How reframing brand as culture can jump start employee engagement
Creating a meaningful brand in today’s hyper-competitive market is challenging. Marketers are increasingly forced to create new strategies in order to cut through the static of a marketplace that is growing louder and more crowded by the minute. So often we try and “buy” our way into building the brand we want, focusing too heavily on the latest technology or the fanciest content, so much so that we forget the needs of one of our most important stakeholders―people.

Over the past several months we have heard from our client partners about employee engagement, leading us to explore best practices around how to apply brand as a driver of culture change. More specifically, we have looked to identify how we can bring a brand to life through motivating people to authentically commit to the values of a company.

Given how the reframing of “brand” as culture seemed to ignite our conversations, we began to talk about alternative language that can be used to create the sort of principles that can unite a workforce. We came up with a few ways to apply straight-forward language to refer to your brand in a more people-centric manner.

Alternative descriptions for using the word brand:

  • Culture
  • Principles and behaviors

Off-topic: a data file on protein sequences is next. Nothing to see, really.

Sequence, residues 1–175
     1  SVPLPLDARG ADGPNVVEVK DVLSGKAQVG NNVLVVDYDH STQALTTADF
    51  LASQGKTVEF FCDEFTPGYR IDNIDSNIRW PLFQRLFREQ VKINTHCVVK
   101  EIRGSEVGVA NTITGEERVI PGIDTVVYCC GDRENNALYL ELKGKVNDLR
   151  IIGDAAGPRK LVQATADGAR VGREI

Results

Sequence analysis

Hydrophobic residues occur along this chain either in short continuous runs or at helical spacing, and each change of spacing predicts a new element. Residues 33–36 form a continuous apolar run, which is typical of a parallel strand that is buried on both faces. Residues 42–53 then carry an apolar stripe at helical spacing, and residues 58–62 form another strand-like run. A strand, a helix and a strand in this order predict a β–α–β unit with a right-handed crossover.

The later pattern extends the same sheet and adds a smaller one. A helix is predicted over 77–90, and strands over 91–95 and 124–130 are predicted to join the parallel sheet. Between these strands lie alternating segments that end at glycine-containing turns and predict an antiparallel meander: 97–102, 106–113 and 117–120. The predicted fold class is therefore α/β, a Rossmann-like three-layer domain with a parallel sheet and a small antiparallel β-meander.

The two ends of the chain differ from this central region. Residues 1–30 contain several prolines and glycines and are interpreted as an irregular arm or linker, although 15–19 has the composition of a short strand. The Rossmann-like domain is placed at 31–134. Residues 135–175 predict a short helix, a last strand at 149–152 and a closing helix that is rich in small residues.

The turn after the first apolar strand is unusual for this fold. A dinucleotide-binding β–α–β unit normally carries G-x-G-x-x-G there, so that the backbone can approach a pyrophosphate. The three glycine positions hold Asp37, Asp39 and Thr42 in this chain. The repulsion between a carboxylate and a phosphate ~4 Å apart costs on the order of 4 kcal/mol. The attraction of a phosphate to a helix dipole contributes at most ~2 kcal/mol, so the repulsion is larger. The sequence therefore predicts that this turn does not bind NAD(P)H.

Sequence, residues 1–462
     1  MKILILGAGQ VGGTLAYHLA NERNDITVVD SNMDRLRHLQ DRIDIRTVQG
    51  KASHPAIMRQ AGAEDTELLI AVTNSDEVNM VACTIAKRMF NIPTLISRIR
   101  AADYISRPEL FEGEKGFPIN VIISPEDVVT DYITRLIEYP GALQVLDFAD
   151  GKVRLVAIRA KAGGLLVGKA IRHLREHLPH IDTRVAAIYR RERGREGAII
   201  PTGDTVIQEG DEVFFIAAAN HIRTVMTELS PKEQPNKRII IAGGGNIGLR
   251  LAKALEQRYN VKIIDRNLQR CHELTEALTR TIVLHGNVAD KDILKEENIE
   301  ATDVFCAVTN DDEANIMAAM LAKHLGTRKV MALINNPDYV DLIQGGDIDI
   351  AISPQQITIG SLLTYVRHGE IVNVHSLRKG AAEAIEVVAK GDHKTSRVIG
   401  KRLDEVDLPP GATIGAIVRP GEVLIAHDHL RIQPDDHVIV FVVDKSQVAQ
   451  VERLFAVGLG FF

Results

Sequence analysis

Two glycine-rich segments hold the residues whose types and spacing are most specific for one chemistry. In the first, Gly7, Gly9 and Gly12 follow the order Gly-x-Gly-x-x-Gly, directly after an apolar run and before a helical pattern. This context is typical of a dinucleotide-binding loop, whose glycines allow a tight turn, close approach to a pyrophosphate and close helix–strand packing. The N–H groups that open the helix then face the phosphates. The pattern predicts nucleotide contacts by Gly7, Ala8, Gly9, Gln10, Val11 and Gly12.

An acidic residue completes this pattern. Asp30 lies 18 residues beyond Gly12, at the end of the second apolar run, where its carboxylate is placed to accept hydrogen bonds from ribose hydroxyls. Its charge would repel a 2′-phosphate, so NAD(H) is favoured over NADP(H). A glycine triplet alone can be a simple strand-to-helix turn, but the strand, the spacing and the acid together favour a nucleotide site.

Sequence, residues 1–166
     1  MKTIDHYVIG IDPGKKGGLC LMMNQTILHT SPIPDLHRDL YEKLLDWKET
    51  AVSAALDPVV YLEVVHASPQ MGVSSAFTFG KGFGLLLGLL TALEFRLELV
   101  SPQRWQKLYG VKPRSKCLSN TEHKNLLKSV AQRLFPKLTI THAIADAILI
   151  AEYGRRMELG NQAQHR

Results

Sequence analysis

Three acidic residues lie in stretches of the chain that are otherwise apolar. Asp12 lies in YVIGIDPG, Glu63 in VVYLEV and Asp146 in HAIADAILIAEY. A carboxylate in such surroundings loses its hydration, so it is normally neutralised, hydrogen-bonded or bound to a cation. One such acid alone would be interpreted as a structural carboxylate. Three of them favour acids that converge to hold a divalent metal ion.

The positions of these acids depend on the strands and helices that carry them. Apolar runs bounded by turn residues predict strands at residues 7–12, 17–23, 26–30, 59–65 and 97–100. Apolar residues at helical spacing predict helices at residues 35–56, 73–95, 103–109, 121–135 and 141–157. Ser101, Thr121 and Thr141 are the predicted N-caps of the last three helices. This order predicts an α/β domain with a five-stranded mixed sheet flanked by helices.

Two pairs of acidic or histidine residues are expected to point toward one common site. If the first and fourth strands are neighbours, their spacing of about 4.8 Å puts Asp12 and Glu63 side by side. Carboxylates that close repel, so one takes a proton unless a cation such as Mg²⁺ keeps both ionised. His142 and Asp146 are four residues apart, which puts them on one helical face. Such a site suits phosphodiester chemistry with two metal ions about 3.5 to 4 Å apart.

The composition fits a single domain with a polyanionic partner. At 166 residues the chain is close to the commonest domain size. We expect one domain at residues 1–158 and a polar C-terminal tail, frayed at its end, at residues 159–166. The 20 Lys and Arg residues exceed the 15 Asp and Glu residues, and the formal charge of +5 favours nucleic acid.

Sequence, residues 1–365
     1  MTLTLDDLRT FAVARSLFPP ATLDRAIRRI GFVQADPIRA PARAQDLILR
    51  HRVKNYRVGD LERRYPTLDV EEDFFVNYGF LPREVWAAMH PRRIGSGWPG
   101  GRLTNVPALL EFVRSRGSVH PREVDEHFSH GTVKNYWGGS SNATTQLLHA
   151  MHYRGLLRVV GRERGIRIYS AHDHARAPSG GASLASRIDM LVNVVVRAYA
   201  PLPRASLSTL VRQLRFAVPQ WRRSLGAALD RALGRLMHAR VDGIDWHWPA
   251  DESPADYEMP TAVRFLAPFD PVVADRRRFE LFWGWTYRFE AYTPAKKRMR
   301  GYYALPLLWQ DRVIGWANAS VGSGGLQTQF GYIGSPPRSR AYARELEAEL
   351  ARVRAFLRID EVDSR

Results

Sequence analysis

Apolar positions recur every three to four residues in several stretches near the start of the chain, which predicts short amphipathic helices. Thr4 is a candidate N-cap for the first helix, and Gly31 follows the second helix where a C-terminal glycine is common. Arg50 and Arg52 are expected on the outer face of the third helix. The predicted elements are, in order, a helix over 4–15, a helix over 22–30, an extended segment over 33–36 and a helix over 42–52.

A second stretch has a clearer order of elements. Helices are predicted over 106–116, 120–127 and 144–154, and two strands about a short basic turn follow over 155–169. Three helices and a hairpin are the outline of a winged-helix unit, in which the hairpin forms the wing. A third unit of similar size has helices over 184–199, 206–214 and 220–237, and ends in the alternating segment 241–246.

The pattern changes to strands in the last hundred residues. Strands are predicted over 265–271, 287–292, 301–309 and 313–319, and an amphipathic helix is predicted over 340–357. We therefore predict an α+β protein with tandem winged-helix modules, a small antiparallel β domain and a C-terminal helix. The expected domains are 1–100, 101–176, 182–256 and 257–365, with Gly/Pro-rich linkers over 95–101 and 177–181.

• Simple stories we tell
  • What others say about you
  • How people describe what you do and how you do it
  • How you would like a new customer to describe you
  • The things you would most want a customer to know about you
  • The spirit in which we do business
  • Talking the language of the people you want to get the order from
  • See as you wish to be seen as “brands only exist in the minds of customers” (from IBM)

Other option is to talk about brand in terms of outcomes:

  • Buy from you
  • Recommend to others
  • Trust
  • Say something positive
  • Invest in you
  • Work for
  • Pride and emotional connection

Realizing that your brand is your culture, and your culture is your brand is a key pillar to ensuring a branded experience both internally and externally. Creating an ethos that your people will believe in can have immense outcomes for your brand overall. Because at the end of the day, if you have an inspired brand culture that your people believe in, it won’t be too far of a stretch to give your consumers something to believe in as well.

To learn more about employee engagement visit our website.

Gabriel Cohen is Chief Marketing Officer at Monigle.

Connect With Us